A significant aspect of the new pilot-scale facility is the use of seawater to produce water stock to grow seafood, mainly fish and shrimp, (aquaculture) for human consumption and Salicornia plants for fuel and byproduct production. The plants thrive in arid, desert conditions and do not require fresh water or arable land to grow. The effluent is diverted into cultivated mangroves that are used for water treatment and biomass production, removing nutrients and providing valuable carbon storage.

“CH2M HILL is proud of our involvement with this notable pilot research project and of our successful partnership with MI and the SBRC. The project team has not only created an innovative biofuel project to address challenges of energy and water security, but is also playing an essential role in supporting the advancement of sustainable biofuel research in the UAE,” said Neil Reynolds, CH2M HILL’s regional managing irector for Middle East, North Africa and India (MENAI).

Illinois Soybean Growers Launch 20% Biodiesel Club

B20clubSoybean growers in Illinois are recognizing fleets in the state that run on a 20 percent blend of biodiesel, B20. This news release from the Illinois Soybean Association (ISA) says the group has partnered with the American Lung Association in Illinois to launch the B20 Club.

“B20 offers economic and environmental benefits to the fleets that use it, so we wanted to bring these leading fleets together and recognize them for taking the initiative to move up to B20,” says Rebecca Richardson, ISA biodiesel lead. “We’ll also provide resources for our B20 Club members, and others in the state, who have questions about how to use biodiesel in their fleets.”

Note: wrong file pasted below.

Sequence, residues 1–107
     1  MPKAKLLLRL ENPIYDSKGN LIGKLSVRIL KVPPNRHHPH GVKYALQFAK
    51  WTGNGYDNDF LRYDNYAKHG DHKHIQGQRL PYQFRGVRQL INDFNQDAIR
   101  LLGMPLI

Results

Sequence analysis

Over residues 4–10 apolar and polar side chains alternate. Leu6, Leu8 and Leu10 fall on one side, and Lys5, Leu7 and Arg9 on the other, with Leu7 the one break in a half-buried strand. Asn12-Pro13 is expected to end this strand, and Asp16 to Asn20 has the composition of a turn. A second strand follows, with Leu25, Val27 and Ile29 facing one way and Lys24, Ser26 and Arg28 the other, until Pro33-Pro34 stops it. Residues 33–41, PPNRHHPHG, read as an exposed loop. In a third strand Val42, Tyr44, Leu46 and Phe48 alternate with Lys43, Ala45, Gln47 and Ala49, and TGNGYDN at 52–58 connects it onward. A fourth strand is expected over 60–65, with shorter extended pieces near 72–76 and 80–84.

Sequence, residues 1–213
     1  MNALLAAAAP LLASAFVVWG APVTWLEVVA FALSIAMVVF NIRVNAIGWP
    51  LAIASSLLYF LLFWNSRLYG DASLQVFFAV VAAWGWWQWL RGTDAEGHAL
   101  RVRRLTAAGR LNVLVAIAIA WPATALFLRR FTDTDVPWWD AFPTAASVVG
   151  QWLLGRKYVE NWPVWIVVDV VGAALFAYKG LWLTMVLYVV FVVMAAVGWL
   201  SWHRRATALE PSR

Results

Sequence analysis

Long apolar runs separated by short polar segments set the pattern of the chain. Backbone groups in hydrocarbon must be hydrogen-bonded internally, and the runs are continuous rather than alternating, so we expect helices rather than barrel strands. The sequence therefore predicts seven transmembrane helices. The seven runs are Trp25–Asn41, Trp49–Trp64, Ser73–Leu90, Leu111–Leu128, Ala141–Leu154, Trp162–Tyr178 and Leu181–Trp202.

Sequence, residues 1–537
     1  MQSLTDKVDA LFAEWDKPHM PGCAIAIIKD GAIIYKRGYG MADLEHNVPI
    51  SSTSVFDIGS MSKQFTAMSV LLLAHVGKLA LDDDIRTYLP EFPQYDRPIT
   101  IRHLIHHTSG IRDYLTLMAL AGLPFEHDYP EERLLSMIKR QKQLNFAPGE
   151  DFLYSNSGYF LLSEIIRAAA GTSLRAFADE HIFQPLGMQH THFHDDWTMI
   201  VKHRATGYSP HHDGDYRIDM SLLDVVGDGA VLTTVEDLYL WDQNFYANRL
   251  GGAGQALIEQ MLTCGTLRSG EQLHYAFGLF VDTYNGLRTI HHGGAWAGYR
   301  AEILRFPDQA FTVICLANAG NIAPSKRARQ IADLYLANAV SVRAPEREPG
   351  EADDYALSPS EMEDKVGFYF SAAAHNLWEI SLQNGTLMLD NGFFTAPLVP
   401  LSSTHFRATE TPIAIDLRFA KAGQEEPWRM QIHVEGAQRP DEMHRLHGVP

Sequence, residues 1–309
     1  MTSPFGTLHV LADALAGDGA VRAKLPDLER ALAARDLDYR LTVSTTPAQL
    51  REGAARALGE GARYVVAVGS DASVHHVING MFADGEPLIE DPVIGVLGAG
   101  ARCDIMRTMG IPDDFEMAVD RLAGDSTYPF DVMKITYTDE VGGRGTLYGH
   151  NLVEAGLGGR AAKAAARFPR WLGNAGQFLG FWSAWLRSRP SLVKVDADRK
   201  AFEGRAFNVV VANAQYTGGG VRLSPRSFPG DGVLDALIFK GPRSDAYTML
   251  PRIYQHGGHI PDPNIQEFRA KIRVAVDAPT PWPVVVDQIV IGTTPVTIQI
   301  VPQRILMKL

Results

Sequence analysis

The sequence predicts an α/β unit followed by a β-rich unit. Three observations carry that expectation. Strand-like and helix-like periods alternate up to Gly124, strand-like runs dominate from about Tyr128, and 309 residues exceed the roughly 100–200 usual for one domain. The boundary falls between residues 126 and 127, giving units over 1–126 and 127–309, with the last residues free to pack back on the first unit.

Inaugural members include:

The Fleet Services Division of Public Works Department in the City of Evanston, Ill., which operates 366 units that include all diesel police and fire vehicles, heavy equipment, utilities and forestry departments and pool vehicles and parks and recreation buses.
Cook-Illinois Corporation; Kickert School Bus Lines, Inc., one of their leading subsidiaries which also is one of the largest family-owned and -operated school bus contractors in the country, runs more than 2,100 school buses every day.
Peoria CityLink operates 58 buses and 35 Paratransit vans that carry three million passengers annually.
R&N Trucking LLC, with 17 trucks that together travel more than a million miles a year.
S.K. Davison, a family-run business specializing in local and regional hauls with 18 trucks travelling approximately 800,000 miles per year.
G&D Integrated, serving central Illinois for more than 100 years with transportation, freight transfer and storage services, and currently more than 400 long-haul trucks.

The six members of the B20 Club run more than 2,700 vehicles burning more than 2.2 million gallons of biodiesel. That cuts carbon dioxide emissions of more than 253 tons — a reduction the equivalent of taking 48 cars off the roadway.